I LOVE being a girl, I LOVE being African-American, and I will LOVE being a lawyer

As an African-American woman I feel as if I have a somewhat different perspective on being a woman entering the legal profession. I not only have to overcome gender stereotypes but racial stereotypes as well. As a young woman, watching my mother, a successful woman in the business world, I remember countless times when I overheard her telling my father about the sexist encounters she had with co-workers and clients. Late at night when I was up finishing my homework in my room I could hear her telling my father about the customer that was hesitant about her working on their project or her ability to meet a deadline because she was not only a woman, but a black woman. She would talk about how she always rose to the challenge, set aside any doubts and then shocked the customer when she produced an impeccable final product. My parents would always have a good laugh about how quickly the customer back tracked on previous concerns, eventually praising her for a job well done and promising her additional work. I used to smile to myself and then get back to my work, determined to be just like her. But, there were also those other nights; the nights when I could hear the hurt and anger in her voice. I can still remember her saying, "Why do I have to fight? Why am I always proving that I am as good as or better?" On these nights I went to bed concerned, praying for my mother and the people that did not realize how amazing she really was.

As I grew older she used to tell me both of these stories, the ones that made her laugh and the ones that made her sad. She would tell me that I would have to work 10 times harder and be 10 times better just to prove that I was equal to my male counterpart. I did not really understand what she was saying until I began attending a private high school in seventh grade. And, that is where I began to really understand the struggle that would face me in life. I noticed that the boys at our school received preferential treatment in a variety of situations. Many of my classmates were wealthy and while this did play a part in some of that preferential treatment, I realized that sexism was the major factor behind this favoritism, particularly in sports. Even though for the majority of my tenure the boys sports teams were not particularly successful, when the boys won football games or basketball games, the kitchen staff prepared a special lunch and at the end of each season the boys got a banquet. None of those things were given to the girl's basketball team or their award winning field hockey team. The boy's basketball team received new warm-ups and uniforms every year, the girl's basketball team received new warm-ups and uniforms twice during my entire high school career. Experiences such as this solidified in my mind the advice my mother had given me--I will have to work 10 times harder and be 10 times better, but even then that might not be enough.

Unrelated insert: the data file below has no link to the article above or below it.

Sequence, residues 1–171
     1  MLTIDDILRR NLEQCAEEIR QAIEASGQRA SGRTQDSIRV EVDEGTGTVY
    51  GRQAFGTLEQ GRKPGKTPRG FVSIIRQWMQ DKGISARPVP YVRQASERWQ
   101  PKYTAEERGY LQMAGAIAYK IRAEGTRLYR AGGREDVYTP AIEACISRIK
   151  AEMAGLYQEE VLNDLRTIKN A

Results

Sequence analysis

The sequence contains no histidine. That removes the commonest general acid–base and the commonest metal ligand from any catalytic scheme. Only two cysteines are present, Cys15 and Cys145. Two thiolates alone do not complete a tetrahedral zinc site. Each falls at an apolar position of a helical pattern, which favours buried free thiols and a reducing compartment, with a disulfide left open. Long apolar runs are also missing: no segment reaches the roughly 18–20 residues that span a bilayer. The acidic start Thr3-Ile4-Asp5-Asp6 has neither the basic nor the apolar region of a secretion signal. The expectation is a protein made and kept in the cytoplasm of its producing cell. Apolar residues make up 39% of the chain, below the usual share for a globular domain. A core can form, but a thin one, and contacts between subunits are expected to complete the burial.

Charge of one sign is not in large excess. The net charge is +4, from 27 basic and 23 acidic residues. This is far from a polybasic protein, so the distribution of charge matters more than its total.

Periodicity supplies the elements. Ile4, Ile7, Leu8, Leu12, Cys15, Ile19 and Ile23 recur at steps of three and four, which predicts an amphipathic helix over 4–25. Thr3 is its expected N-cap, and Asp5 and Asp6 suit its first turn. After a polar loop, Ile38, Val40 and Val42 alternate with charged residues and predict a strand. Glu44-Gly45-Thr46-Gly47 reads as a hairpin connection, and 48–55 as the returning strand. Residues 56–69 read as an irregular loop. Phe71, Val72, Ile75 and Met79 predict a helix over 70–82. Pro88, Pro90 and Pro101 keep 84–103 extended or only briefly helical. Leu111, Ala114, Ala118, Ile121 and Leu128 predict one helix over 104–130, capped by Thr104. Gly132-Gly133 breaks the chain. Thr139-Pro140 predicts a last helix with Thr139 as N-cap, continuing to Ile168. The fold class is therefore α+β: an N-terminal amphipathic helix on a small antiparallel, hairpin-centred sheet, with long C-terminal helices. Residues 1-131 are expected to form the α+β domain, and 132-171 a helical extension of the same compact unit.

These experiences did not stop in high school, they continued in college--the political science teacher that would make sexist jokes in class and then openly admit how he favored males over females; the male classmate that believed a woman's job was to cook and clean; the complete ignorance of a world outside their own. I am learning that these are the situations that I will encounter and the only thing for me to do is rise above them. I am proud of who I am! I LOVE being a girl and I LOVE being an African-American girl. I know that I will be successful and I know that I can rise to any challenge that comes my way. All I have to do is continue to be who I am and continue to work hard. I have received a variety of advice from women in the legal field about what I should wear and how I should act. Some say I should wear pants suits and avoid skirt suits because pants suits give the appearance of strength and power, and that's what male clients want to see. Others have told me that I need to watch more ESPN because I will need to be able to "talk sports with the boys." But I love to wear skirts, I wear them every day rain or shine, winter or spring, and I will not give that up. I do enjoy some sports, particularly baseball and football, but I know there are other ways to relate to my male co-workers. Changing who I am is not the way to approach my career choice, besides I cannot change my race or gender. Instead, I will approach this experience as I have various others in my life. I will work 10 times harder and be 10 times better, earning the respect of my clients, co-workers, and supervisors, just as my mother did.

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